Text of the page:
Google Gets Playful With Facebook Rivalry
Facebook has taken on the sheen of invulnerability with its half a billion strong membership, but one company that could possibly mount a challenge is Google -- and it appears to be doing just that. Although unconfirmed, word is out that Google is in serious talks with social gaming companies to collaborate on an ambitious new social networking service.
Google's "Facebook killer" came a step closer to reality Wednesday, when it was revealed that the company has been talking with game makers for potential inclusion of their wares on a new social network.
Originally brought to light by a tweet last month from Digg Founder Kevin Rose, the new "Google Me" offering could include games from Playdom, Electronic Arts' Playfish, and Zynga Game Network, according to a report in The Wall Street Journal, which cited "people familiar with the matter."
No information was available as to when Google would launch the new initiative, and Google declined TechNewsWorld's request for comment, noting simply that the company does not comment on rumor or speculation.
'They Need New Ad Revenue'
"This is all about ad revenues, nothing else," Lon Safko, social media entrepreneur, consultant and coauthor of The Social Media Bible, told TechNewsWorld.
Facebook claims 500 million members, after all, and "that's a lot of missed ad rev" for Google, Safko pointed out.
"Facebook has figured it out," he explained. "Get the traffic, sell the ads and even-split the ad rev with its members. It's what Google has been doing on the public side."
Google, in fact, recently disappointed Wall Street with below-estimated profits for its last quarter, Safko added. "They need to find a large source of new ad revenue. Where better than to try to tap into the [500 million] member base at Facebook?"
'He Doesn't Need Google'
"If I were Google, I would try to build a strategic alliance with Zuckerberg and provide the ad engine for Facebook," Safko suggested. "Do what each does best: Facebook, build membership; and Google, sell advertising."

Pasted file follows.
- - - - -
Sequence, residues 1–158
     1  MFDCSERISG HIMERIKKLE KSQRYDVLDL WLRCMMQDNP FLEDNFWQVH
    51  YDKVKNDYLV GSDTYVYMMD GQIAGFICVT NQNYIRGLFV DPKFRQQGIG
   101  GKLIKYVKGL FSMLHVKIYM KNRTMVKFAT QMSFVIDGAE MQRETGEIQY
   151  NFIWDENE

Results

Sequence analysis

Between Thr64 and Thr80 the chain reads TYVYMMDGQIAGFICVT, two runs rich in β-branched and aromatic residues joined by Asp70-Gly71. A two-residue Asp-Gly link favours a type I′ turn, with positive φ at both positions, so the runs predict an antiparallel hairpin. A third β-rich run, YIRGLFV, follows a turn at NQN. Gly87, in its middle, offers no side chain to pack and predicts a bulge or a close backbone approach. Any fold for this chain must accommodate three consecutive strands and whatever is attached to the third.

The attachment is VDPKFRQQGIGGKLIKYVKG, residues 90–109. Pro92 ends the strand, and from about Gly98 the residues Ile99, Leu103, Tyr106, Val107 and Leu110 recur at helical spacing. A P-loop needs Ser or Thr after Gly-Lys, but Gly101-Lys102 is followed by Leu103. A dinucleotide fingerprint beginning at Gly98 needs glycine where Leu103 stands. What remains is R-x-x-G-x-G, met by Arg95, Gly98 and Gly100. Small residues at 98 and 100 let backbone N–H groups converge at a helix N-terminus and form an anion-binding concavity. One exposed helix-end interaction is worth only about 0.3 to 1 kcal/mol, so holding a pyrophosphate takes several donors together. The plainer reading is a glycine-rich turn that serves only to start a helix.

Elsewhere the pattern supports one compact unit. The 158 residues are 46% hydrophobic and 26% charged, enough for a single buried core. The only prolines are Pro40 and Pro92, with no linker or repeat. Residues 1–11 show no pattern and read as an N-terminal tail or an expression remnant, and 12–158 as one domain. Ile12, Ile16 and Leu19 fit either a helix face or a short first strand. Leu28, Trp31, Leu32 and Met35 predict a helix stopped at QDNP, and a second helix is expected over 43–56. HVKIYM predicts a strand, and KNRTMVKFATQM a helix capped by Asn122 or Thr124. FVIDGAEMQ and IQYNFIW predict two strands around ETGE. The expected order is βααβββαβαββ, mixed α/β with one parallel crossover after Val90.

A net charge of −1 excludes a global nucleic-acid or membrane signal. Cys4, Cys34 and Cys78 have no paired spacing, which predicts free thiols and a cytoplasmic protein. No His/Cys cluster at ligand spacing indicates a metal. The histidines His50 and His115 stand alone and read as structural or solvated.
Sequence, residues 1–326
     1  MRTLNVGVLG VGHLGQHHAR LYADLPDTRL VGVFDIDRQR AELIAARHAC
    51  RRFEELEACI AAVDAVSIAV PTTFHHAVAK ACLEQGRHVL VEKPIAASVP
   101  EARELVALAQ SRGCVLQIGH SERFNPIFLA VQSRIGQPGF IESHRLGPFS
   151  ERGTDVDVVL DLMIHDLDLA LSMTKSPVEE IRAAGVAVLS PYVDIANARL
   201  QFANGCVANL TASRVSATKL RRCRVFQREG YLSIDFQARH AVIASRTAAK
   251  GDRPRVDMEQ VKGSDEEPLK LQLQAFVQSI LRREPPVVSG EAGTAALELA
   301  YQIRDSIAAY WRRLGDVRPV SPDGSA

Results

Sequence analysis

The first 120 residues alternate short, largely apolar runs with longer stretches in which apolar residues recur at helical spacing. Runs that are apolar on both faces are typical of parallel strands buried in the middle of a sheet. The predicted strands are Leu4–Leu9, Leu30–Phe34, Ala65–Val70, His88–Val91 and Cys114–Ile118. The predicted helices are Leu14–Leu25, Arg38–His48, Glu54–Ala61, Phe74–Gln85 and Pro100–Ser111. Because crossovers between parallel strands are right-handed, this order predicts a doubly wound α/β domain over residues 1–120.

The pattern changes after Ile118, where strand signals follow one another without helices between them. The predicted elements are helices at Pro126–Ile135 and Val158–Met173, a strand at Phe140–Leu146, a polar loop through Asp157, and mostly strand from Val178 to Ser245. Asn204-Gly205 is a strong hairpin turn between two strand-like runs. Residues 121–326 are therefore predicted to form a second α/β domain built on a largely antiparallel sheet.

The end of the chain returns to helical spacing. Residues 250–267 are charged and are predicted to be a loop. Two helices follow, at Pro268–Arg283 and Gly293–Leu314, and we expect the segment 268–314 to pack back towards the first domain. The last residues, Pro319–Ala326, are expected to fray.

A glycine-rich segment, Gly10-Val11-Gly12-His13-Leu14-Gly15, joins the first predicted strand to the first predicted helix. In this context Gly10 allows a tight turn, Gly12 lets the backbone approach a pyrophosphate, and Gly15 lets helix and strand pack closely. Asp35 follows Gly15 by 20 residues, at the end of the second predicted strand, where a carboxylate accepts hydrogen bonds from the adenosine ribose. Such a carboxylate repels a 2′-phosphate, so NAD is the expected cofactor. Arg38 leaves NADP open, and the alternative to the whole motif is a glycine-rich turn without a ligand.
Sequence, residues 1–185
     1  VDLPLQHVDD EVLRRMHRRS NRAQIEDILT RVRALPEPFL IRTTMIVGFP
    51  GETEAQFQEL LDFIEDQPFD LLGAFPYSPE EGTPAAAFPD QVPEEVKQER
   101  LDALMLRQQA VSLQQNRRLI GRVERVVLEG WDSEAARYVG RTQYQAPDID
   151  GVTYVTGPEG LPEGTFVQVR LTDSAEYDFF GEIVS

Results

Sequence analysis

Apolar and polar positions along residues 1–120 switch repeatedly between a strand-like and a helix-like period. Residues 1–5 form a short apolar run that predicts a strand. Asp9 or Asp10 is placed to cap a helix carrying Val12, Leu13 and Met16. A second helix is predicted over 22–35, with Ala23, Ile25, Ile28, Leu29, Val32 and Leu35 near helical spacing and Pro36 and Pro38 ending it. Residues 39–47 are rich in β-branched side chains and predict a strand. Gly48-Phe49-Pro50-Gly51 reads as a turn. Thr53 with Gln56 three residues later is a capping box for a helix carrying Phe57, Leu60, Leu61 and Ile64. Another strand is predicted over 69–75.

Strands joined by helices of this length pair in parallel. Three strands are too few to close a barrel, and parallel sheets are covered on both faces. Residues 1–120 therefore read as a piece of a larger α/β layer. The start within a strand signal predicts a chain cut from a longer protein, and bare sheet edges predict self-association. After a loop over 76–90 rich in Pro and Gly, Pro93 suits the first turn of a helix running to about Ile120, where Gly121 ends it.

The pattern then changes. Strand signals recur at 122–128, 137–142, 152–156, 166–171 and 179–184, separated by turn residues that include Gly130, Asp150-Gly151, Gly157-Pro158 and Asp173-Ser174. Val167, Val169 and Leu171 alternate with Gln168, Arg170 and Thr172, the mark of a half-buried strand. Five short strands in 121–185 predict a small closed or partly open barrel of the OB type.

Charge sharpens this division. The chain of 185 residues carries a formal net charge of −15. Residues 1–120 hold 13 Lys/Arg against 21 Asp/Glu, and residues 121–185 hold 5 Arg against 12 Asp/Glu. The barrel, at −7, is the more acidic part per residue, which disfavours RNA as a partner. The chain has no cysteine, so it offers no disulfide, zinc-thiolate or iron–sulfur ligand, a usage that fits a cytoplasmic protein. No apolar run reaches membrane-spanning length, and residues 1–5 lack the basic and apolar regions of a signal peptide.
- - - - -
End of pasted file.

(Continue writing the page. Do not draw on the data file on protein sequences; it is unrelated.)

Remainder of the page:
On the other hand, "I am sure that Zuckerberg already has a good handle on ad sell implementation, so he doesn't need Google," he added. "If all that is true, then Google has no choice but go head-to-head with Facebook and re-invent the Facebook wheel and directly compete."
To date, however, "Google hasn't been effective at bringing copycat products successfully to market," Safko noted. "Unless Google can offer something astonishing that isn't available at Facebook, then I don't see Google's venture succeeding."
Going Beyond Buzz
Indeed, Google is not exactly a stranger to the world of social networking. Its Buzz product, for example, launched earlier this year, only to be deflated early on by a raft of privacy concerns.
Then, too, there's Orkut, which has gained significant popularity in India and Brazil.
The new social-networking service would "incorporate and go beyond Buzz," The Wall Street Journal reported.
'Project Management Leader, Games'
A heavy emphasis on games, meanwhile, would make developers less dependent on Facebook for reaching the growing masses of interested consumers, the publication noted.
Though it hasn't been announced officially, Google recently invested more than US$100 million in Zynga, maker of the widely popular Farmville game, TechCrunch reported earlier this month.
It also recently advertised a job opening for a "Project Management Leader, Games."
'Maybe Very Smart'
"The report and rumors that surfaced before the WSJ article suggest that games will be a way into a competitive social offering for Google," Greg Sterling, founder and principal with Sterling Market Intelligence, told TechNewsWorld. "That's very interesting and maybe very smart, depending on its execution."
Gaming will not, however, "define the full scope of Google's social ambitions," Sterling opined.
'More on the White Board'
"Google has several social initiatives living side by side, and the company, if it is to succeed, will need to figure out how to integrate or consolidate some of them and where to put emphasis," he explained. "One of the areas of vulnerability identified for Facebook (by Google) was the inability to regulate exposure according to trust circles or groups -- family vs. friends vs. co-workers.
"This 'hierarchy of trust' wouldn't likely be expressed fully in a gaming environment," Sterling pointed out, "so I suspect Google has a good deal more on the white board."